Inspired by the numerous videos that have already been created as a part of the anti-suicide and anti-bullying public awareness campaign “It Gets Better,” federal government employees from the National Parks Service, U.S. Geological Survey and other agencies have launched their own.
Posts Tagged National Park Service
Eric Schneiderman, the Attorney General of New York, has filed a lawsuit against several federal agencies for failing to adequately review the dangers of hydrofracking, the controversial technique used to mine natural gas by injecting large amounts of water and chemicals into shale deposits.
Colorado Gov. John Hickenlooper and U.S. Sen. Mark Udall sent a letter to the National Park Service this week asking the federal agency to reconsider its rejection of the Colorado National Monument near Grand Junction as a stage venue for this summer’s Quiznos Pro Challenge cycling race. The 600-mile stage race is the brainchild of cycling legend Lance Armstrong and former Gov. Bill Ritter. Armstrong Tuesday officially retired from professional cycling even as he continues to deal with an ongoing doping investigation looking into the past behavior of the seven-time Tour de France winner.
Friday readers, this weekend, whatever your politics, Interior Secretary Ken Salazar is your friend. He announced last month that the National Parks Service would waive admission fees three weekends this summer to boost the economy and to give summertime Americans…
You know by now that in Washington, DC, on Wednesday, an elderly white supremacist and anti-Semite named James W. von Brunn allegedly walked into the United States Holocaust Memorial Museum with a .22-caliber rifle and killed a security guard before being brought down himself. He’s 88 years old, with a long record of hatred and paranoid fantasies about the Illuminati and a Global Zionist state. How bitter the bile that has curdled for so many decades.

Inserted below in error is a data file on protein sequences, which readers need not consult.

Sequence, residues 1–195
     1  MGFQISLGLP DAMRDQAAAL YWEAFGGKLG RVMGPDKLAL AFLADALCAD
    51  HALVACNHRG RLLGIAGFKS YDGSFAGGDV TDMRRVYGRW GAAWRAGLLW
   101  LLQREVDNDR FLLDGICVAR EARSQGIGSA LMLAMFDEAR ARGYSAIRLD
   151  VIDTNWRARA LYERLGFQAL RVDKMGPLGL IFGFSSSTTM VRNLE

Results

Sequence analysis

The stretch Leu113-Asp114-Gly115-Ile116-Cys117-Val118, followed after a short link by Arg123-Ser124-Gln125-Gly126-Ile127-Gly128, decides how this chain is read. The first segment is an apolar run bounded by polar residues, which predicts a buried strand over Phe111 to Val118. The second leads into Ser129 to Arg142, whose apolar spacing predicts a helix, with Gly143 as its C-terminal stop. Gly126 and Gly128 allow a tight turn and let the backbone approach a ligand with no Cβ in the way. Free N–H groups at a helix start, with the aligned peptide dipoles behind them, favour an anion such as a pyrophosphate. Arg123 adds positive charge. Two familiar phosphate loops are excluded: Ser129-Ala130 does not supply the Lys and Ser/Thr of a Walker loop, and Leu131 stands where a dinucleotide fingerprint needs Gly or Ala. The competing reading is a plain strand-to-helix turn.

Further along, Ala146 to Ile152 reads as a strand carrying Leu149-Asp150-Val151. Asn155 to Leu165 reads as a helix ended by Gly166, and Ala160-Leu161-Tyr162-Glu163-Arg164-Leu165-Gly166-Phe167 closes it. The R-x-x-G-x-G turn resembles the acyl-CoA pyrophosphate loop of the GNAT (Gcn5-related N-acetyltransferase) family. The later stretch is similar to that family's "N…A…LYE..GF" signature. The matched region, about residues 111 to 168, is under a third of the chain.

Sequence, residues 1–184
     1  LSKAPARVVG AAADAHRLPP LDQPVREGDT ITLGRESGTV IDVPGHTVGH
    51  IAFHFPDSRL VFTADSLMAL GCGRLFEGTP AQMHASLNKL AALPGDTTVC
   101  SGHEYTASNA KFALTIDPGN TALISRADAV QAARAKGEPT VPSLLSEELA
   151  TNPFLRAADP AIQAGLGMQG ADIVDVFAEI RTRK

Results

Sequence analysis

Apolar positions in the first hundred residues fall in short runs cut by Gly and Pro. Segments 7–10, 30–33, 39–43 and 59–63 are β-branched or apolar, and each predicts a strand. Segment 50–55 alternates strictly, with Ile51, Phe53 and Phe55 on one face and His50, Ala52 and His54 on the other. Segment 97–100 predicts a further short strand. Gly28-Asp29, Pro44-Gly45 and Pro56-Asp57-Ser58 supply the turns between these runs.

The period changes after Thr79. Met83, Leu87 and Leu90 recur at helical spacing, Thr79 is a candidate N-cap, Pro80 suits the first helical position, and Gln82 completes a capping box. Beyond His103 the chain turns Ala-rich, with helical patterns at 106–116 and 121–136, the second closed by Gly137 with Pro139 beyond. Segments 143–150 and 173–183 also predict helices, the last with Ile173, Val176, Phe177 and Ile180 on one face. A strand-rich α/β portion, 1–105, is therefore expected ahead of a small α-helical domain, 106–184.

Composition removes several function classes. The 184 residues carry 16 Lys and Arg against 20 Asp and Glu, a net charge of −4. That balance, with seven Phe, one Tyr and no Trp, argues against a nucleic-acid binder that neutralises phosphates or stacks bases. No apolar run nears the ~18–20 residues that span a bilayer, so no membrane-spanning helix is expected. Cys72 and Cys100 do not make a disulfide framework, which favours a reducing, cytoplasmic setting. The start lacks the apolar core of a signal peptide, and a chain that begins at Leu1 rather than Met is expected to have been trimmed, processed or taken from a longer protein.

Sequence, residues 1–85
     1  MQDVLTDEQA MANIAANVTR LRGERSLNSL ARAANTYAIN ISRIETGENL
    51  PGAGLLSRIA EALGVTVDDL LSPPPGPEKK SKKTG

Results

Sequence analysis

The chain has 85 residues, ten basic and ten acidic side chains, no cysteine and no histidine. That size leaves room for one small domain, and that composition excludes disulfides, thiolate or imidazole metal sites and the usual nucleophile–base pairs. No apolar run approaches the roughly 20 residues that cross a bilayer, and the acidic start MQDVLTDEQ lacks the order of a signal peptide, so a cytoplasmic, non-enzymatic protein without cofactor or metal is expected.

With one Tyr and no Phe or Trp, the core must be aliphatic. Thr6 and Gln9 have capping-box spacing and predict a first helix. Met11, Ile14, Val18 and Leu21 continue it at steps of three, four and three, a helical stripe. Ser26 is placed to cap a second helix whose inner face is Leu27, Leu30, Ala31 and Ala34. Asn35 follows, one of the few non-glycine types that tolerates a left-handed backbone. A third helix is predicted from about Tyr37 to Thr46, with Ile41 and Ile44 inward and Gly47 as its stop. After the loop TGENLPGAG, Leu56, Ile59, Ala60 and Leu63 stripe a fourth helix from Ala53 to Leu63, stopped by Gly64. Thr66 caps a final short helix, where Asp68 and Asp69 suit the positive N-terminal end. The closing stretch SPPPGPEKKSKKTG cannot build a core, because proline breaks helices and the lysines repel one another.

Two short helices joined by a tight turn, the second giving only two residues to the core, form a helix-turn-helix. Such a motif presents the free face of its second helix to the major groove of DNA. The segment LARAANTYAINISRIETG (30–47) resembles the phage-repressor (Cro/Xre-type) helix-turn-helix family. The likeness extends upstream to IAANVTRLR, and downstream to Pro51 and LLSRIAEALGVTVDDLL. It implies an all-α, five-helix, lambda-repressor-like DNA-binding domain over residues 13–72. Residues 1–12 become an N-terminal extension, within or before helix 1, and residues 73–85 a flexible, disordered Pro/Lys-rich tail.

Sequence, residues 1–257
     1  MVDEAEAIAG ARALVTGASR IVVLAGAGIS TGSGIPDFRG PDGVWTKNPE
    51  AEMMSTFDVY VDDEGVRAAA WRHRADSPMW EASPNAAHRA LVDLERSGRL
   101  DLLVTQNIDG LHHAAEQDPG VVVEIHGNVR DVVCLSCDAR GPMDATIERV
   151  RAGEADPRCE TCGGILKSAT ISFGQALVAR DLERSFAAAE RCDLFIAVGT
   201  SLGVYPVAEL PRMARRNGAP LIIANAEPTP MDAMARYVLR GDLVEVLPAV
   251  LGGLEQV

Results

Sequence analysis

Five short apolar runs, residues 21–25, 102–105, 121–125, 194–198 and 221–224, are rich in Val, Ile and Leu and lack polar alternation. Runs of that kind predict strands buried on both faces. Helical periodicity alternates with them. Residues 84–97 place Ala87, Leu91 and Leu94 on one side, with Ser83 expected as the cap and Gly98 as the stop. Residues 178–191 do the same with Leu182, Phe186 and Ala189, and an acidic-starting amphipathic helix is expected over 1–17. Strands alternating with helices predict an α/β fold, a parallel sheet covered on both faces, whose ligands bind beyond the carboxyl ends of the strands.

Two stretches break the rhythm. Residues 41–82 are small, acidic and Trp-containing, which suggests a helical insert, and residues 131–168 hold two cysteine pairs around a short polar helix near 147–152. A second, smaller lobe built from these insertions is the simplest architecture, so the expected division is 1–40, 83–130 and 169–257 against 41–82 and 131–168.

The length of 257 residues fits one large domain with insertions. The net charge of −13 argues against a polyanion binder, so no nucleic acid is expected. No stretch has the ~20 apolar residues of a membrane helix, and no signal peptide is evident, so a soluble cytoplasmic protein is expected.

In an effort to boost the economy — and give beleaguered tourists a break — the National Parks Service is waiving admission fees for three weekends this summer, Interior Secretary Ken Salazar announced. Tourists can take advantage of the three free weekends at 147 national parks, monuments and recreation areas nationwide, including eight popular sites in Colorado.
A poison pill amendment to simultaneously weaken a consumer-friendly credit card reform bill and reverse a hold on a controversial Bush Administration rule to allow concealed guns in national parks won U.S. Senate approval late Tuesday.
Colorado Democratic Sens. Michael Bennet and Mark Udall backed the measure introduced today by ultra-conservative Sen. Tom Coburn, R-Okla., following a weekend compromise by Senate Banking Committee members that further watered down some consumer protections but still not to the liking of the lobbyist-heavy financial industry.
A federal judge has temporarily blocked implementation of a controversial 11th-hour Bush administration rule that would allow people to carry loaded, concealed guns in national parks, wildlife refuges and historical centers, according to the Washington Post.
Late in 2008, the Bush Administration rushed through a regulatory change that would allow concealed-carry firearms to be possessed in national parks and national wildlife refuges in accordance with state permit requirements. The rule went into effect on Jan. 9.
The previous common-sense rule had been in effect for national parks since the early 1900s, in one form or another. The rule did not prohibit guns, but simply required them to be unloaded, cased and not immediately accessible.
Environmentalists and unarmed national park enthusiasts got a bit of a reprieve Tuesday when the new Obama Administration issued a memo halting further progress on a series of controversial midnight regulations pushed through in the waning days of a lame duck Bush White House.